UK to beef up lawmakers' security after MP killed
Britain's interior minister yesterday said MPs' security would be beefed up, after a lawmaker was stabbed to death as he held a public meeting with constituents, in the second such attack in five years.
Veteran Conservative MP David Amess, 69, was talking with voters at a church in the small town of Leigh-on-Sea, east of London, when he was killed on Friday.
The attack has spread fear among MPs, coming just over five years after the similar killing of Labour MP Jo Cox in the febrile run-up to the Brexit referendum.
Police have said they are investigating "a potential motivation linked to Islamist extremism." The investigation is being led by Scotland Yard's Counter Terrorism Command.
Home Secretary Priti Patel has ordered a review of security measures for lawmakers and told Sky News that "we need to close any gaps" in security for MPs, whose work includes regular meetings with constituents, called "surgeries." She said that police and parliamentary authorities were implementing "immediate changes and measures that are actively being put in place, and discussed with MPs."
This includes MPs sharing information on their whereabouts with police. Close protection at surgeries was also "in consideration right now," she added.
The Sunday Telegraph reported that uniformed police were guarding some surgeries following the attack, which prompted calls from some MPs for a pause in face-to-face meetings.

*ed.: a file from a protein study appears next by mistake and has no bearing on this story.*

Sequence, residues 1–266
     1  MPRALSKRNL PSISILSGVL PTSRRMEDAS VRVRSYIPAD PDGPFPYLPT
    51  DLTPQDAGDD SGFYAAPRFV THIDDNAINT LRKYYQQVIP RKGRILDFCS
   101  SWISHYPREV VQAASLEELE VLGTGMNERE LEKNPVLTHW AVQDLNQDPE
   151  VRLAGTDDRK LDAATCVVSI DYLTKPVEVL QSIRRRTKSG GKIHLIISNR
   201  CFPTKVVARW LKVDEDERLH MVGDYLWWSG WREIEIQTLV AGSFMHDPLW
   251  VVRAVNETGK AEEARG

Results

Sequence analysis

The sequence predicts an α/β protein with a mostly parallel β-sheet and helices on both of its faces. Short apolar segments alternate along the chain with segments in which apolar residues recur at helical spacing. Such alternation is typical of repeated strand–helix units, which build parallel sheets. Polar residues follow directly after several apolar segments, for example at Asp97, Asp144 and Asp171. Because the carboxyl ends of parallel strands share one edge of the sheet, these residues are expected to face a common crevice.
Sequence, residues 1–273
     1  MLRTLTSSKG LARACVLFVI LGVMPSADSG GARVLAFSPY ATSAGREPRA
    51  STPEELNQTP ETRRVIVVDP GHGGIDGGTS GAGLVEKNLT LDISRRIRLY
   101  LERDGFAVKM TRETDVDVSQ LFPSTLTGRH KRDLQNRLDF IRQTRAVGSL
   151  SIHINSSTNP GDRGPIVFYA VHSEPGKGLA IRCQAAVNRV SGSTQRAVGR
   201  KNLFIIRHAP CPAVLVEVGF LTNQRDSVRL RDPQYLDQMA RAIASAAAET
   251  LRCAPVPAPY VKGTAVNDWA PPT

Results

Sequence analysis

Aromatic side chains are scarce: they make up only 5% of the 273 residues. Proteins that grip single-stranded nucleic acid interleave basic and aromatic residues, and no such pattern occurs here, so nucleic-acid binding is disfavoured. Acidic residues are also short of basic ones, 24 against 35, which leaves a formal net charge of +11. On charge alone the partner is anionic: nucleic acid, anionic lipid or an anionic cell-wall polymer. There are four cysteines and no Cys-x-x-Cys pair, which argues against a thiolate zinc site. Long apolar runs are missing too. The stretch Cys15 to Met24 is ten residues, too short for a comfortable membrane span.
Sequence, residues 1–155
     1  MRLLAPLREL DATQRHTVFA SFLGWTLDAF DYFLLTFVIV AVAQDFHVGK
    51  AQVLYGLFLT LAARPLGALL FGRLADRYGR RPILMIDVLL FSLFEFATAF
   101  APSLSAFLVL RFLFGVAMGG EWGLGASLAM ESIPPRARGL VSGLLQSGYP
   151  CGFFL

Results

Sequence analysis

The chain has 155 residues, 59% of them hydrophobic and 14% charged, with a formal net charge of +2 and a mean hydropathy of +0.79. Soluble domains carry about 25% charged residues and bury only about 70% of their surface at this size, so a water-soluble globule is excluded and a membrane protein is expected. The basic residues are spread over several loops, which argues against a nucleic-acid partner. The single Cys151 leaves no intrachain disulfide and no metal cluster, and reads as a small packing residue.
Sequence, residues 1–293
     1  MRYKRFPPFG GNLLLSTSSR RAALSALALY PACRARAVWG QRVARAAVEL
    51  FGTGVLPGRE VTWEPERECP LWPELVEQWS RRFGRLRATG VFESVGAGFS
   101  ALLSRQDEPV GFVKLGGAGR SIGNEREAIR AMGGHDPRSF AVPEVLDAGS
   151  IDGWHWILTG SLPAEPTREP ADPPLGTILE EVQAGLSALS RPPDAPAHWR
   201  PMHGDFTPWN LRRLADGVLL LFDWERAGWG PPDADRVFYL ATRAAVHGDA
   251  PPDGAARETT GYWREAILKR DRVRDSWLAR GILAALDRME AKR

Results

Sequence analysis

Police said late on Saturday that detectives had until Friday to question the suspected attacker after he was detained under the Terrorism Act, which allowed them to extend his detention.
He has not been charged.
British media, citing unnamed official sources, identified the suspect as Ali Harbi Ali.
Reports said he was a British national of Somali descent who had been referred to Prevent, the UK's official counter-terrorist scheme for those thought to be at risk of radicalization.
Ali is believed not have spent long in the program, which is voluntary, and was never formally a "subject of interest" to MI5, the domestic security agency, said the BBC.
The Prevent program is currently under independent review.
"We want to ensure it is fit for purpose, robust, doing the right thing, but importantly, learning lessons," Patel told Sky News.
Detectives said they have been carrying out searches at three addresses in the London area in a "fast-paced investigation."
Police and security services believe the suspected attacker acted alone and was "self-radicalized," The Sunday Times reported, while adding he may have been inspired by Al-Shabaab, Al-Qaeda-linked Islamists in Somalia.